They say everybody is a "little bit Irish" on St. Patrick's Day.
Like millions of Americans, my ancestors fit snugly into the stereotypical mold handed down through generations. After all, my grandfathers were an Irish cop and an Italian shoemaker!
My great-grandmother was Maggie Day, a strapping 6-foot-tall Irish nanny who was employed by Theodore Roosevelt's family on Long Island. In fact, when she retired to Unadilla, old "Bull Moose" himself came by to visit her. I am told she met him for lunch at the Unadilla House, where he signed the guest register.
My mother, born Kate Cody in Brooklyn, is as Irish as a fine piece of Tommy Ferguson's sheerest linen. She loves corned beef and cabbage, has a closet full of green clothes, cries when she hears "Danny Boy" and loves all Democrats. In fact, mention John F. Kennedy to her and she is likely to cross herself.
Her father, Joseph Aloysius Cody, was an Irish cop on the beat in New York City in the early 20th century. NYPD records actually show him receiving a commendation once for heroically chasing down and stopping a runaway horse in Manhattan. How proud we all were when we read that! Later, "Pop" Cody retired and moved to Sidney where he became the guard at the Scintilla (now Amphenol) main gate.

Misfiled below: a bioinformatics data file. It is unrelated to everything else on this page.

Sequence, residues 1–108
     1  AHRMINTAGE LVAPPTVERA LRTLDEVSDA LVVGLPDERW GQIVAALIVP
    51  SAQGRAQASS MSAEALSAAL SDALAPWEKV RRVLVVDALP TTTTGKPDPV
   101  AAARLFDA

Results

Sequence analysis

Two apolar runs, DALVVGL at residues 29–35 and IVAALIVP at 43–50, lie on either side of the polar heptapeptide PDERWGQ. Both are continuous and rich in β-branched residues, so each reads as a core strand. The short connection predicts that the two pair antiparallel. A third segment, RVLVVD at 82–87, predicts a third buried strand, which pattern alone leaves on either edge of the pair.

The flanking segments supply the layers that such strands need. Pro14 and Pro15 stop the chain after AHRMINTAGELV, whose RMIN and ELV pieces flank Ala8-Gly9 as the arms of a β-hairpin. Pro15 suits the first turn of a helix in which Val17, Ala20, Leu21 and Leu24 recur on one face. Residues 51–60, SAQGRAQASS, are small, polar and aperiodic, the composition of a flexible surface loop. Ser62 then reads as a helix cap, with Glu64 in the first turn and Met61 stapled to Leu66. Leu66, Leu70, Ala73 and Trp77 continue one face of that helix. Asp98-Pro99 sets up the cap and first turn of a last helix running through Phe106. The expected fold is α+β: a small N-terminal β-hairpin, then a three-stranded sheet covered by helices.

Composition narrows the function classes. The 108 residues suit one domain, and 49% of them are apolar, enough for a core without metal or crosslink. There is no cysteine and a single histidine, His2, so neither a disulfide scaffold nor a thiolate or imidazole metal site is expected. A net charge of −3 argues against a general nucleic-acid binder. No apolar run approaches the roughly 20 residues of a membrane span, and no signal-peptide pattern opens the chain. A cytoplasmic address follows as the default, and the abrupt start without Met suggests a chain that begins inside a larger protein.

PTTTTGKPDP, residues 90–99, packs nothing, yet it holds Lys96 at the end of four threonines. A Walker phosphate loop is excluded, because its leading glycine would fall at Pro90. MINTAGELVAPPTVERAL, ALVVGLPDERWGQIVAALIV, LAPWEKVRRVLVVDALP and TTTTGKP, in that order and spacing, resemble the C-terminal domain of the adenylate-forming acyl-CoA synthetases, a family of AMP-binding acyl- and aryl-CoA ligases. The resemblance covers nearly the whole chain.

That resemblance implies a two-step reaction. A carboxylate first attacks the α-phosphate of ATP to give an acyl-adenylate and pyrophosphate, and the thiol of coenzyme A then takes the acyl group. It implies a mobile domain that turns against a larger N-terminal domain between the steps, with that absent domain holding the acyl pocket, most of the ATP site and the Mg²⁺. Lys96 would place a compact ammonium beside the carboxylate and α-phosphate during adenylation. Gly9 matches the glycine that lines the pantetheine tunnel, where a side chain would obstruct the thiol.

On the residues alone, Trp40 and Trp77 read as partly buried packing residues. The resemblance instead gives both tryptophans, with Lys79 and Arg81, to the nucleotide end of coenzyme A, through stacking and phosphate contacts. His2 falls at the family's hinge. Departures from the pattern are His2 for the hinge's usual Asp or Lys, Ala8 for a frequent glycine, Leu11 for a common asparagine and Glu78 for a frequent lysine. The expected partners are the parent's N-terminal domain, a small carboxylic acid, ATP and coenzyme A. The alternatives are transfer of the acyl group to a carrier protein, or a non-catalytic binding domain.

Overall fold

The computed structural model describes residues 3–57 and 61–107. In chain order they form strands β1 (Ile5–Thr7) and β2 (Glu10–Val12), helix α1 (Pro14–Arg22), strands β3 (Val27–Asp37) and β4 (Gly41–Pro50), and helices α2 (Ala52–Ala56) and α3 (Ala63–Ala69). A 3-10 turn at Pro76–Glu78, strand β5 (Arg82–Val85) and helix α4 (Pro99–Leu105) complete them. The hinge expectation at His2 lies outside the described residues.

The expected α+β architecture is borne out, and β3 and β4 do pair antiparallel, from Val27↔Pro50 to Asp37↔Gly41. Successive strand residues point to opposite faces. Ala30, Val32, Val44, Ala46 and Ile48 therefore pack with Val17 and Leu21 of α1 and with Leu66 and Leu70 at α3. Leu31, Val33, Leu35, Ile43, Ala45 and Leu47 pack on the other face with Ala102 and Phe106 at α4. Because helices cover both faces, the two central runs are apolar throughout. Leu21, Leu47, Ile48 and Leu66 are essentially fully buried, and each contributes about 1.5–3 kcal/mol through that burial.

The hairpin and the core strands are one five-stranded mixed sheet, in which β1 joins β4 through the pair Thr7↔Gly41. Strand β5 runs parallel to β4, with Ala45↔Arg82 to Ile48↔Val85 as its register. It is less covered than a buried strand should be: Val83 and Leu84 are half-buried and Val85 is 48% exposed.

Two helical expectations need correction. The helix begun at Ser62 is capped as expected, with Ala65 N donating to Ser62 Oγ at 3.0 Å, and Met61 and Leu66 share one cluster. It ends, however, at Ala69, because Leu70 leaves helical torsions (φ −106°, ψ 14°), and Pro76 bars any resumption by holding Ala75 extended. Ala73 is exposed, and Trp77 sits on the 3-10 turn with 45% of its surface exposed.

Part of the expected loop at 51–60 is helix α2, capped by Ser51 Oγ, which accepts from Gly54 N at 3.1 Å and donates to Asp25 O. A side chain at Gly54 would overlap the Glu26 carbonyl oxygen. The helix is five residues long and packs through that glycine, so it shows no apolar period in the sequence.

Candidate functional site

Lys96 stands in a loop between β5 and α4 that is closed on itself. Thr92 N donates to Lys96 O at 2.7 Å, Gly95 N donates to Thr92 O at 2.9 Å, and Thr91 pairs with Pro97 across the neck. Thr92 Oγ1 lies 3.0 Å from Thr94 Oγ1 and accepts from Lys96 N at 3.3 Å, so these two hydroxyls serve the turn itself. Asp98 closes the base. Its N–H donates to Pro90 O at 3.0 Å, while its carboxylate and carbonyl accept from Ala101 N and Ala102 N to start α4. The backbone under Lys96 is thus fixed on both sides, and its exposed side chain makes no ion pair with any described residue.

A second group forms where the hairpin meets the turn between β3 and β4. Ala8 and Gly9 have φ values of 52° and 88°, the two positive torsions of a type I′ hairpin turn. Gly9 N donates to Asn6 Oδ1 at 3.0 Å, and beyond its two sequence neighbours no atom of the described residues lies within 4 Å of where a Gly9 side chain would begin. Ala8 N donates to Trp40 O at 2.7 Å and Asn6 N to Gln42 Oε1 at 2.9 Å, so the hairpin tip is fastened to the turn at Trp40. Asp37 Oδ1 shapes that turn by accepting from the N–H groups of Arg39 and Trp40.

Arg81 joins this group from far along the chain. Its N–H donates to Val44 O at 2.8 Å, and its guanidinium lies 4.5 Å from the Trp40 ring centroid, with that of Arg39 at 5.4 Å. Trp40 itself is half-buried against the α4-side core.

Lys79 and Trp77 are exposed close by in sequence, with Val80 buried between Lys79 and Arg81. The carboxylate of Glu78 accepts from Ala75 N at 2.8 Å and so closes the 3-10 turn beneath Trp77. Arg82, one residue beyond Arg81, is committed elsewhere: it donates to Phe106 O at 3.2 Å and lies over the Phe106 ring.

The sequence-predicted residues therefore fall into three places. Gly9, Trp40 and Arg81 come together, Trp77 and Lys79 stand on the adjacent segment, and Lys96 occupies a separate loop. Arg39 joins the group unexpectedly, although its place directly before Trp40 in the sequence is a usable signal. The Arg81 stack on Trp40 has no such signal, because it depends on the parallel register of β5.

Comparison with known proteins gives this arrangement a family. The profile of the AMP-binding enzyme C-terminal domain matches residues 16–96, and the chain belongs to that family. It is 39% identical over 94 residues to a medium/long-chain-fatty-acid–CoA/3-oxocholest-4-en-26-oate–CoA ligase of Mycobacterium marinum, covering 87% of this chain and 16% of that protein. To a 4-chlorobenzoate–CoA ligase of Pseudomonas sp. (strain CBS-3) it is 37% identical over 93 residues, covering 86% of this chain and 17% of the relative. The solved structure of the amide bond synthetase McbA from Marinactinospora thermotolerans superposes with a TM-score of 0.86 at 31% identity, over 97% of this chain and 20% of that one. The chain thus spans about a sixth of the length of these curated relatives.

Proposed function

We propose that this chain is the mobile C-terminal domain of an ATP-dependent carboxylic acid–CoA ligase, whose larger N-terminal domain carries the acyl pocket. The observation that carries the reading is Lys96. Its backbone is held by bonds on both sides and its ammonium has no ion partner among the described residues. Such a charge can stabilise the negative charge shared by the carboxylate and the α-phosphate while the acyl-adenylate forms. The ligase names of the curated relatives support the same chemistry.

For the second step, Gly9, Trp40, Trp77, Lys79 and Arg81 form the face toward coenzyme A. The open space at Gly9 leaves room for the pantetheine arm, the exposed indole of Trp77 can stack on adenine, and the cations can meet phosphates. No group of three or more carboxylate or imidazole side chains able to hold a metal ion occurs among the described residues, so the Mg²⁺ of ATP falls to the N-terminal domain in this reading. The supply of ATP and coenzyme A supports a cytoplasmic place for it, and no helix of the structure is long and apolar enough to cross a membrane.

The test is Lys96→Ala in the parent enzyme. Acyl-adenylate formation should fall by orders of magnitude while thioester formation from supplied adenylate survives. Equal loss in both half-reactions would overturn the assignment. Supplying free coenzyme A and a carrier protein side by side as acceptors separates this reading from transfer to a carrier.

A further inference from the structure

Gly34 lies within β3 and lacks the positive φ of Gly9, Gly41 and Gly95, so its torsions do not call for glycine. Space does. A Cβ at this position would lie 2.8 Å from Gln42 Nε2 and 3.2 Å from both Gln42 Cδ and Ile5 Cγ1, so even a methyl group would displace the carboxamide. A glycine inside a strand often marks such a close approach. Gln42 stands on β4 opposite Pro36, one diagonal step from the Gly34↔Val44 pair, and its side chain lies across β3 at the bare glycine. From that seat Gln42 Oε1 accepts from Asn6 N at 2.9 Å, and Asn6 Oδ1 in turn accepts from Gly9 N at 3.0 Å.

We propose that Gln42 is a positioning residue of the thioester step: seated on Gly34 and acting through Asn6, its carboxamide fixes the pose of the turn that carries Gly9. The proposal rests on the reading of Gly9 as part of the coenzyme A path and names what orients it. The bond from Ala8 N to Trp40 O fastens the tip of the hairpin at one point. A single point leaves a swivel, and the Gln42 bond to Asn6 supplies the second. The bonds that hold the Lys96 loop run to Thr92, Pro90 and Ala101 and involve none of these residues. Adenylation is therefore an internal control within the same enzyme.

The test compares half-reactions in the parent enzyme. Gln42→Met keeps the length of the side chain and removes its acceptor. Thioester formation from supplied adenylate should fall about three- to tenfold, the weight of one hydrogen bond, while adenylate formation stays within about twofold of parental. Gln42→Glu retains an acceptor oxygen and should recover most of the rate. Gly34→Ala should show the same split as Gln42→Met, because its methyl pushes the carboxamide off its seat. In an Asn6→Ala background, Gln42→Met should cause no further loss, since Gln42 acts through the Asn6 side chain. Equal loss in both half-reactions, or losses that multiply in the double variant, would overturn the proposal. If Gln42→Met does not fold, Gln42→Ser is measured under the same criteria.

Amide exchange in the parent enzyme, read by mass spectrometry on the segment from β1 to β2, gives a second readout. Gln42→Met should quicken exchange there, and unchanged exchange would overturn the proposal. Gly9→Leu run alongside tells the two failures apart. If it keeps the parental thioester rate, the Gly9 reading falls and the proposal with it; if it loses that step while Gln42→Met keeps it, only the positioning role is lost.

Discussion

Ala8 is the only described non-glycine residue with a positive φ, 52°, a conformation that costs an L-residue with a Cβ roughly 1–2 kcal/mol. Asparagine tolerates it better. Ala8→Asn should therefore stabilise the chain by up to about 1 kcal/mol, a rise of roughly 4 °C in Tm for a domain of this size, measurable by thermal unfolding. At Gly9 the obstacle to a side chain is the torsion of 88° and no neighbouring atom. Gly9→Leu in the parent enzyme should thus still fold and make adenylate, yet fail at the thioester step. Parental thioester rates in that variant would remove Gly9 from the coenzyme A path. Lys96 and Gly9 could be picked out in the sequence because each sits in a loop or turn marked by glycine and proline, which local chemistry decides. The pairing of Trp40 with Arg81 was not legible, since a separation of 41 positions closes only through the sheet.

He lived with us in the 1950s. He was a kindly old gent with an Irish twinkle in his eye, a love for "a sip of the good stuff" and a master storyteller. He was also a deeply religious man. Pop shared a bedroom with me and my two brothers one year. Bobby, Jim and I would watch from under our blankets as Pop would come home late at night after sharing "a sip" with his friends at the Hotel Cartwright in Sidney.